Atletico’s new home lands Champions League final, Uefa signs EPFL pact

Atletico Madrid’s new stadium, the Wanda Metropolitano, will host the 2018-19 Uefa Champions League final while Baku’s Olympic Stadium gained the consolation prize of the Europa League final, as European football’s governing body agreed a Memorandum of Understanding with the Association of European Professional Football Leagues (EPFL).

The Spanish LaLiga club inaugurated its 67,500-seat home (pictured) on Saturday with a 1-0 win over Malaga and it will now stage European club football’s showpiece game next season. The Azerbaijani capital’s venue has already secured rights to games during the Euro 2020 national team tournament and was bidding against Madrid for the Champions League final.

However, it will settle for the Europa League final after seeing off the rival claims of Estadio Ramón Sánchez Pizjuán in Seville, Spain and Beşiktaş Arena in Istanbul, Turkey. The latter stadium has instead secured the 2019 Super Cup, the annual fixture between the Champions League and Europa League winners. 

Tirana, Albania (Qemal Stafa Stadium); Toulouse, France (Stadium de Toulouse); Haifa, Israel (Sammy Ofer Stadium); Astana, Kazakhstan (Astana Arena); Belfast, Northern Ireland (Windsor Park) and Gdansk, Poland (Arena Gdańsk) had also bid for the Super Cup.

In other hosting news, Ferencváros Stadium in Budapest, Hungary has secured the 2018-19 Women’s Champions League final. Astana Arena had also bid for the game. Uefa has returned to a bidding process for its showpiece club events and has provided an update on the status of Brussels as a host city for Euro 2020.

The new Eurostadium project in the Belgian capital has been encountering difficulties and Uefa has requested that all relevant permits to start construction, as well as a “realistic and guaranteed” construction schedule, be obtained by November 20.

With this in mind, a fast-track process has been started to develop a replacement option. Uefa said these options are Stockholm, Sweden and Cardiff, Wales – both candidates from the original bidding process for Euro 2020. However, it added that London’s Wembley stadium, which has secured the main semi-finals and final hosting package, is the only current host with availability to host all the matches that should be played in Brussels. The Uefa Executive Committee will make a final decision on this matter on December 7.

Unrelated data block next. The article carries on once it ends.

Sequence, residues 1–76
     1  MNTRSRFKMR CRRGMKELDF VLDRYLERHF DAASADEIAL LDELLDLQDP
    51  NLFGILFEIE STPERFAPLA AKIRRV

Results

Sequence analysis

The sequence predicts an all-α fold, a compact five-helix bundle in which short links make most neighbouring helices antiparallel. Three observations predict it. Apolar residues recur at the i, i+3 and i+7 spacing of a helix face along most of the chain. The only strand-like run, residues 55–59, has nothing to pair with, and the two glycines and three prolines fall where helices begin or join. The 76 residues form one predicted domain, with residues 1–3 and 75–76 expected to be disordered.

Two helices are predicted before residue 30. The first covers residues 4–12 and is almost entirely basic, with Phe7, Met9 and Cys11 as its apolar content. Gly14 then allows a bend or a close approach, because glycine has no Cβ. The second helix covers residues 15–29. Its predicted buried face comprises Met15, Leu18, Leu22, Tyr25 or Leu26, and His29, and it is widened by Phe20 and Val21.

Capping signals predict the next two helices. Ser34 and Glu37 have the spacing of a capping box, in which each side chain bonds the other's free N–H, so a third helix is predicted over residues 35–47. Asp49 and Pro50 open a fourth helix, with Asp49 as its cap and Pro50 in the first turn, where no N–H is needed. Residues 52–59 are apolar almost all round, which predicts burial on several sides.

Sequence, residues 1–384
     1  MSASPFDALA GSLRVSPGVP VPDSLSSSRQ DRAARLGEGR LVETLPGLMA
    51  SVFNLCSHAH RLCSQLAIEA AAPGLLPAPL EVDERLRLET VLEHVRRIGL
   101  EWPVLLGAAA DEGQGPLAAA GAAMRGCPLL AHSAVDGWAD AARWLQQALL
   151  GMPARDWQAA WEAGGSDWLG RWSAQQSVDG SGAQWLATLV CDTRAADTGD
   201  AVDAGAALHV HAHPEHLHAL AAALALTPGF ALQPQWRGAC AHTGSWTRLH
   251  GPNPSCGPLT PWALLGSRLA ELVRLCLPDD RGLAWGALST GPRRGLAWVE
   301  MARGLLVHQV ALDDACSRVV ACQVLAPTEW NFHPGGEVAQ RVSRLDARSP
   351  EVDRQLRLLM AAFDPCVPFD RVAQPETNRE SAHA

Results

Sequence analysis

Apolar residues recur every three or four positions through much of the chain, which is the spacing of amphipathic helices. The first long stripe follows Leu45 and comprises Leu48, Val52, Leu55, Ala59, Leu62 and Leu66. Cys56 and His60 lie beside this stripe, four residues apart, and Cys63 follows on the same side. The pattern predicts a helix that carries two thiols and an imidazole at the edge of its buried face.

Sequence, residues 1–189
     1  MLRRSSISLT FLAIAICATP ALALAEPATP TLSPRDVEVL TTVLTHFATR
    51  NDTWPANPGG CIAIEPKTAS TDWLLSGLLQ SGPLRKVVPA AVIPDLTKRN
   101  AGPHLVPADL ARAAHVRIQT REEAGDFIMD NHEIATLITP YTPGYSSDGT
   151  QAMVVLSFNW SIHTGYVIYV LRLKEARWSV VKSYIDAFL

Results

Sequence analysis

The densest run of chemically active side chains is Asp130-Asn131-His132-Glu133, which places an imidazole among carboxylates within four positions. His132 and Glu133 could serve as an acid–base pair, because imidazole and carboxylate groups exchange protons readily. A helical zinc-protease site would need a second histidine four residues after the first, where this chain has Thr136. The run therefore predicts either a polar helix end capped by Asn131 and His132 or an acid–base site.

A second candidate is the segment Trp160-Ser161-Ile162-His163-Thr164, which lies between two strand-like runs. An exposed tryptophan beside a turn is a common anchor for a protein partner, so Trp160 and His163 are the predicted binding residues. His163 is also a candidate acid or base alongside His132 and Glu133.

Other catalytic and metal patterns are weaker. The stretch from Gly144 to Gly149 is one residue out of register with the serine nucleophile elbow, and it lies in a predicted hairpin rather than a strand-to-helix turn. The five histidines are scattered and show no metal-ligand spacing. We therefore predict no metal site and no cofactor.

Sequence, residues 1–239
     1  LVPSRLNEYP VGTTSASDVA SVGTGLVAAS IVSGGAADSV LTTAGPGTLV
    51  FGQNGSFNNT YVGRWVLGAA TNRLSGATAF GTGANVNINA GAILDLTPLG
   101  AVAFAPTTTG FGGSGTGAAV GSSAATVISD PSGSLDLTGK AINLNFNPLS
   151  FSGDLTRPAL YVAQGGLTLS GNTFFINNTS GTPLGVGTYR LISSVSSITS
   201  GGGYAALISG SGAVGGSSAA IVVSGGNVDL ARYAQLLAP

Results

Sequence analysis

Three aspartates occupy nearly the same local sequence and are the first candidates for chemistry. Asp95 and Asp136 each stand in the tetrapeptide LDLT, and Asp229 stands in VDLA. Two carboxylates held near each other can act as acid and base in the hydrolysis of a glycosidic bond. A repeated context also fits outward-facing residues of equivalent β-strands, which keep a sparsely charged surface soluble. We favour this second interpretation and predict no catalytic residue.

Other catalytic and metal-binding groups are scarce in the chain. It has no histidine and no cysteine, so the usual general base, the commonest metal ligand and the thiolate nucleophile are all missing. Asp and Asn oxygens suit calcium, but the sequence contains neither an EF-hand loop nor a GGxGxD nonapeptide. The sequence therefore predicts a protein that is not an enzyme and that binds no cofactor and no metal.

In administration matters, the MoU with the EPFL entails that the leagues body will nominate a representative to sit on the Uefa ExCo. This representative will require ratification at the next ordinary Uefa Congress, to be held on February 26.

In June, the EPFL unanimously approved an agreement reached with Uefa in a move that seemingly ended a period of tension between the two bodies. The news came after Uefa president Aleksander Ceferin in April pledged that the governing body would not bow to “blackmail” from stakeholders over its plans for the sport on the continent, amid ongoing talk of a Super League competition and opposition to planned changes to the Champions League and Europa League.

A previous MoU between the EPFL and Uefa formally expired on March 15. This effectively granted all European leagues total freedom to schedule their matches as they see fit – including on the same days and at the same kick-off times as Uefa club competitions.

The reform measures unveiled by Uefa for the Champions League and Europa League will see the continent’s top four leagues granted automatic qualification for four teams each to its elite competition, reducing the slots available for clubs from smaller leagues. The amendments are set to take hold from the 2018-19 season and will work across the 2018-21 cycle of Uefa’s club competitions.

Commenting on the MoU, EPFL chairman Lars-Christer Olsson said: “This is the first day of a new era for professional football in Europe. EPFL and Uefa are committed to work together to improve the governance of our game. As the organisers of club competitions at domestic level we look forward with enthusiasm to sharing our expertise and knowledge with Uefa and other stakeholders to work and solve together the issues and challenges that confront professional football today.”

In other news, following the resignation of Ángel María Villar Llona from Uefa and Fifa functions, Michele Uva has been appointed as a new Uefa vice-president, while Fernando Gomes was appointed as a European member to the Fifa Council until the next Ordinary Uefa Congress.

Spanish Football Federation (RFEF) president Villar resigned from his senior positions at Fifa and Uefa in July following his arrest as part of an anti-corruption investigation in his home country.